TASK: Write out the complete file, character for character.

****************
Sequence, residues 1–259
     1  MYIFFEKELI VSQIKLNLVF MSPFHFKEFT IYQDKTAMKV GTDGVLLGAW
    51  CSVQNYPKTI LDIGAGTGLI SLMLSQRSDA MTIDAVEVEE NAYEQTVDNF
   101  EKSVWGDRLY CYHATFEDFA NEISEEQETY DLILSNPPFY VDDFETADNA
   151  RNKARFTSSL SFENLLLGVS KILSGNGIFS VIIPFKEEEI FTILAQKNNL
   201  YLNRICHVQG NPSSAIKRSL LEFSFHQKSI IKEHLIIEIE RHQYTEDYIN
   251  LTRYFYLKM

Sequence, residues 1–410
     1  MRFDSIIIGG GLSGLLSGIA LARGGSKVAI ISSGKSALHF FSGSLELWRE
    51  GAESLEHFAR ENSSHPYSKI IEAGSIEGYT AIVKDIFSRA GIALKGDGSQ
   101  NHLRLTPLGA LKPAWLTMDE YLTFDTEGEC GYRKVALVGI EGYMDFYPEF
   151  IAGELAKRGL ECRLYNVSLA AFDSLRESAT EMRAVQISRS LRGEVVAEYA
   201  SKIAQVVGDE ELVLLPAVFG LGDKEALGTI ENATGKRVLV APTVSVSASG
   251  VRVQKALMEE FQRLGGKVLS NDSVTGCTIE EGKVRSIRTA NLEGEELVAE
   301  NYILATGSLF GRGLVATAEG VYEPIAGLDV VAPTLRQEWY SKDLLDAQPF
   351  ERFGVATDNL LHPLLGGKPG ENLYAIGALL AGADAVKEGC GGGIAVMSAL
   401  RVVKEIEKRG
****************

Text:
Sequence, residues 1–259
     1  MYIFFEKELI VSQIKLNLVF MSPFHFKEFT IYQDKTAMKV GTDGVLLGAW
    51  CSVQNYPKTI LDIGAGTGLI SLMLSQRSDA MTIDAVEVEE NAYEQTVDNF
   101  EKSVWGDRLY CYHATFEDFA NEISEEQETY DLILSNPPFY VDDFETADNA
   151  RNKARFTSSL SFENLLLGVS KILSGNGIFS VIIPFKEEEI FTILAQKNNL
   201  YLNRICHVQG NPSSAIKRSL LEFSFHQKSI IKEHLIIEIE RHQYTEDYIN
   251  LTRYFYLKM

Sequence, residues 1–410
     1  MRFDSIIIGG GLSGLLSGIA LARGGSKVAI ISSGKSALHF FSGSLELWRE
    51  GAESLEHFAR ENSSHPYSKI IEAGSIEGYT AIVKDIFSRA GIALKGDGSQ
   101  NHLRLTPLGA LKPAWLTMDE YLTFDTEGEC GYRKVALVGI EGYMDFYPEF
   151  IAGELAKRGL ECRLYNVSLA AFDSLRESAT EMRAVQISRS LRGEVVAEYA
   201  SKIAQVVGDE ELVLLPAVFG LGDKEALGTI ENATGKRVLV APTVSVSASG
   251  VRVQKALMEE FQRLGGKVLS NDSVTGCTIE EGKVRSIRTA NLEGEELVAE
   301  NYILATGSLF GRGLVATAEG VYEPIAGLDV VAPTLRQEWY SKDLLDAQPF
   351  ERFGVATDNL LHPLLGGKPG ENLYAIGALL AGADAVKEGC GGGIAVMSAL
   401  RVVKEIEKRG